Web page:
|Publication number||US5118291 A|
|Application number||US 07/678,708|
|Publication date||Jun 2, 1992|
|Filing date||Apr 1, 1991|
|Priority date||Oct 23, 1989|
|Also published as||DE69005790D1, DE69005790T2, EP0425357A2, EP0425357A3, EP0425357B1|
|Publication number||07678708, 678708, US 5118291 A, US 5118291A, US-A-5118291, US5118291 A, US5118291A|
|Original Assignee||Alain Triolet|
|Export Citation||BiBTeX, EndNote, RefMan|
|Patent Citations (18), Referenced by (26), Classifications (6), Legal Events (6)|
|External Links: USPTO, USPTO Assignment, Espacenet|
1. Field of the Invention
The present invention relates to instruments which are designed for cleaning teeth.
2. Description of the Prior Art
Apart from instruments used for professional purposes, namely those which are intended for dentists and which call for considerable dexterity as well as special precautions, instruments are already available to private individuals for cleaning certain parts of teeth. However, the instruments in question are designed for very specific operations such as scraping and the like. Thus U.S. Pat. No. 3,660,902 describes an instrument which is intended for this type of operation and consists of an operating handle having an elbowed end adapted to carry a working tool which can be engaged within the interstice between two teeth in order to clean this space. To this end, the tool body is of generally triangular shape having a decreasing surface so as to terminate in a relatively sharp point. Moreover, the lateral surfaces of the tool body have a series of raised rings surrounding depressions which are capable of retaining a polishing paste or the like. By reason of this very arrangement, a tool of this type can be employed only for cleaning the interstitial spaces between the teeth.
However, the most visible parts of the teeth are obviously their front faces which very frequently exhibit deposits and stains formed, for example, by products such as tobacco, coffee or tea or even certain drugs. The front faces of teeth are also very often coated with plaques of tartar or with a dental plaque. In order to remove these deposits and various stains, the services of a dentist are at present required in order to perform a cleaning operation by means of suitable professional instruments. For this reason, many persons refrain from undergoing such an operation as often as the need arises.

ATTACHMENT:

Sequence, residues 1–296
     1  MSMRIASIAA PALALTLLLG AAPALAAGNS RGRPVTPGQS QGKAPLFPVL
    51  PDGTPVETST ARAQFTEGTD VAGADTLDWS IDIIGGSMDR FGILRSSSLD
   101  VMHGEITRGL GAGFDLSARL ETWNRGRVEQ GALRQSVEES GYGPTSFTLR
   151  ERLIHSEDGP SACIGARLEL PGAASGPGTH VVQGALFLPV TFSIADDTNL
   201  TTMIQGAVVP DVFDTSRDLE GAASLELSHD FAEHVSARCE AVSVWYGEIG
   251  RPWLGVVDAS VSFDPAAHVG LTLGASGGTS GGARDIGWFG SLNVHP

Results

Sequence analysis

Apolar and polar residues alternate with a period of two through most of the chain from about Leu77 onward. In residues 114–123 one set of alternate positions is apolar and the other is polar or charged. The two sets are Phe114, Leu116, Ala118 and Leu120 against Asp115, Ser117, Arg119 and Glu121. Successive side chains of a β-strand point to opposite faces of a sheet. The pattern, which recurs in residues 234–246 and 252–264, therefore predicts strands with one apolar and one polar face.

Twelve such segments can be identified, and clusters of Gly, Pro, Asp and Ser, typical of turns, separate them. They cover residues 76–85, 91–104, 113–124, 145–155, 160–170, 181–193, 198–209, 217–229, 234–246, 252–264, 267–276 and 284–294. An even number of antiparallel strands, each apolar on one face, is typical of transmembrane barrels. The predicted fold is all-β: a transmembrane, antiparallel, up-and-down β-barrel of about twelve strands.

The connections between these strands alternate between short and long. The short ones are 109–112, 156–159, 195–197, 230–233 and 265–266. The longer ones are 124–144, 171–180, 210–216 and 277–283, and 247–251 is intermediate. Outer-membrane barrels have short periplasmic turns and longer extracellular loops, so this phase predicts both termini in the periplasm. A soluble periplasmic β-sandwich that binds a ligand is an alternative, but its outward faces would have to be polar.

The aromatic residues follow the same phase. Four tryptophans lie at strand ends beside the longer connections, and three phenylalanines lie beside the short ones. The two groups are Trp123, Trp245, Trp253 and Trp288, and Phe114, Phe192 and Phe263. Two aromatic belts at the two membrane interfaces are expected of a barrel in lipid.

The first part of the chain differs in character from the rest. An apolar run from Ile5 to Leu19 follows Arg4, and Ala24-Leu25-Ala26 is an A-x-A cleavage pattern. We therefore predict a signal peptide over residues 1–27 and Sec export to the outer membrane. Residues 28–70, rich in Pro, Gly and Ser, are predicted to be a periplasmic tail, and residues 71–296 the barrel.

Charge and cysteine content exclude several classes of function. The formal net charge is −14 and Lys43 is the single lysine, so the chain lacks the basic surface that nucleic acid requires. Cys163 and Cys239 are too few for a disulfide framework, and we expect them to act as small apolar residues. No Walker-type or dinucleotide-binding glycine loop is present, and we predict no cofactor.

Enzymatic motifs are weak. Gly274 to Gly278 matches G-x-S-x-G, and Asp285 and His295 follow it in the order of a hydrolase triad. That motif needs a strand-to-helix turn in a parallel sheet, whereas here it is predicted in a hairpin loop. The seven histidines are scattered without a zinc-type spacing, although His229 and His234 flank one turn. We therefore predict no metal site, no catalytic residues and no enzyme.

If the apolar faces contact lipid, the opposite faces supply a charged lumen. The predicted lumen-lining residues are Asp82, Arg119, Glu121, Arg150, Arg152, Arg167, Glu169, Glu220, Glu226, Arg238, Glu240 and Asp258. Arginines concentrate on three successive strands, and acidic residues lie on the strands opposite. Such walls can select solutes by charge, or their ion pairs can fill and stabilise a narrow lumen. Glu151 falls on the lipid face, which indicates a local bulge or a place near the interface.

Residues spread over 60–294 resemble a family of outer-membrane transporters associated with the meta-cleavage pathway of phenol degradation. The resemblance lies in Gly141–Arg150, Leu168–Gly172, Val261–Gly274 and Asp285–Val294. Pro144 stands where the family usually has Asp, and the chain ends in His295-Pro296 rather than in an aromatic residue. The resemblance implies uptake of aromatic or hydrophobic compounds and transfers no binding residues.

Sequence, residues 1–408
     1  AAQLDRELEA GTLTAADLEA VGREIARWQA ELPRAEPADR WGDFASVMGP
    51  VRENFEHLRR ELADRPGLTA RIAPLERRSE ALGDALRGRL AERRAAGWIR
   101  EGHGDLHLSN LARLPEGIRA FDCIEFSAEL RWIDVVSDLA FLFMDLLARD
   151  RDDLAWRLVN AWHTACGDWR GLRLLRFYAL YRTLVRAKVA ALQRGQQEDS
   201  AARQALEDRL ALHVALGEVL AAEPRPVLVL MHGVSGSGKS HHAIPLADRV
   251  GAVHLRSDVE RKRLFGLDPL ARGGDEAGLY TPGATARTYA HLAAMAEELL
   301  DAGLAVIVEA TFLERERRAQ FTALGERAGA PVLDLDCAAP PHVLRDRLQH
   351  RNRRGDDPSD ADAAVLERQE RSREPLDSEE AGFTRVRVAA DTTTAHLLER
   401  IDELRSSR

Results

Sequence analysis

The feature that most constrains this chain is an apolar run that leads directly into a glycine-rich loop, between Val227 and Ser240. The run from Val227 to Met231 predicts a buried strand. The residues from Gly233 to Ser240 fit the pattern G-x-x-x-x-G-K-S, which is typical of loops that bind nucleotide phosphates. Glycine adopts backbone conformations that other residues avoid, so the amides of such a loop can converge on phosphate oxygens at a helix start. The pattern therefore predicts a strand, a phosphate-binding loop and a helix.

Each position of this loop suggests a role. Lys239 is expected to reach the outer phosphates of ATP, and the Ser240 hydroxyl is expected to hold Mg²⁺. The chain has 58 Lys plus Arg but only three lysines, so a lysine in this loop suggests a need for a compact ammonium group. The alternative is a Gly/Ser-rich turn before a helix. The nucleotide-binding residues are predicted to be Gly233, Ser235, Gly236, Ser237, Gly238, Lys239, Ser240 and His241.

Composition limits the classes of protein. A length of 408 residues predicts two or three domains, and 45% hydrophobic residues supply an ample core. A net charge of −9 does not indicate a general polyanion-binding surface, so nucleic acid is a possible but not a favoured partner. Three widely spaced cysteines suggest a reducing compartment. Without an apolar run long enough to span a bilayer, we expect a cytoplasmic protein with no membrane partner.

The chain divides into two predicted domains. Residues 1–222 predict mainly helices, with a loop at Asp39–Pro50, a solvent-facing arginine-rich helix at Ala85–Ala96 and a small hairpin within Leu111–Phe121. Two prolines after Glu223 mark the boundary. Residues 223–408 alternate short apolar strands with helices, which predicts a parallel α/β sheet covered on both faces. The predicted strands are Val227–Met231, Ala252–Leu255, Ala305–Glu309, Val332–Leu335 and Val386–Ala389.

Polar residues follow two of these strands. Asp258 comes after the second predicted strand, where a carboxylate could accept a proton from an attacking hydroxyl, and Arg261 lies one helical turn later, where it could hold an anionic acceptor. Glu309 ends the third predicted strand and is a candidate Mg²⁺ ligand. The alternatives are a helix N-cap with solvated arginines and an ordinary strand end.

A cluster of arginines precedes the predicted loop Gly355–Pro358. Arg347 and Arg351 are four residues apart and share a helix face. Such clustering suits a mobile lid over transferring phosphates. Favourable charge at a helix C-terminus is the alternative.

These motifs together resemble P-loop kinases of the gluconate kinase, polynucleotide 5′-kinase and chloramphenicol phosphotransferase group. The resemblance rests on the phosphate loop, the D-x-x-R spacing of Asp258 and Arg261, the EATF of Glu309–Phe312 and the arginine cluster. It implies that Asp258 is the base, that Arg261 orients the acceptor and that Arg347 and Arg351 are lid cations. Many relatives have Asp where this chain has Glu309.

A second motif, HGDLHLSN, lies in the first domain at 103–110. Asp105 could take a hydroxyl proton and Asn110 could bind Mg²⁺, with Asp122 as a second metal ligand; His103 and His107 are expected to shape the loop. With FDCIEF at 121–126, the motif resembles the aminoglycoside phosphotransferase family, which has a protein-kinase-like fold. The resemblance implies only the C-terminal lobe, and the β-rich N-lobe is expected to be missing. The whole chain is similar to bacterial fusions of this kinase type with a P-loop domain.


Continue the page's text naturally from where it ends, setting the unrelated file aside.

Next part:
Accordingly, the object of the present invention is to provide a hand instrument which can be used with great ease by any unskilled person without any special precaution in order to remove deposits and stains which exist on the user's own teeth.
The invention is concerned with an instrument provided with an operating handle having an end-piece which carries a working tool, the tip of which is intended to be applied on the teeth to be treated. The distinctive feature of the instrument lies in the fact that the tool consists of an eraser formed by a body of molded synthetic resin such as polyvinyl chloride, polyamide or silicone, within which are incorporated polishing or abrasive elements having a higher value of hardness such that their Rockwell hardness number is higher than 25 mPa but lower than 200 mPa. These abrasive elements consist either of glass fibers with a fiber content on the order of 20 to 30% or of micrograins of a synthetic resin having an acceptable composition for teeth such as methyl polymethacrylate or a polyamide resin and having a concentration ratio within the range of 5 to 90% by weight, with a preference for a ratio of 20 to 50% and better still a ratio of 30 to 40%, the particle diameter of these micrograins being approximately 10 to 400 microns. The result thereby achieved is that the eraser thus formed makes it possible to erase deposits and stains on teeth simply by rubbing the eraser on the surface of the teeth.
In accordance with another distinctive feature of the instrument considered, the eraser carried by the end-piece of the operating handle is removably fixed on said end-piece by being partially engaged within a housing provided at the extremity of the end-piece, the opposite end of the handle being provided with a compartment containing at least a second similar eraser which is also adapted to be removably fixed within the housing formed at the extremity of the end-piece.
In an advantageous embodiment, a single operating handle is provided with a plurality of working erasers which are all adapted to be removably fixed within the housing formed at the extremity of the end-piece, these erasers being differentiated by the fact that they have work surfaces of different shapes such as a flat shape, a concave shape, and a pointed shape, a blade shape.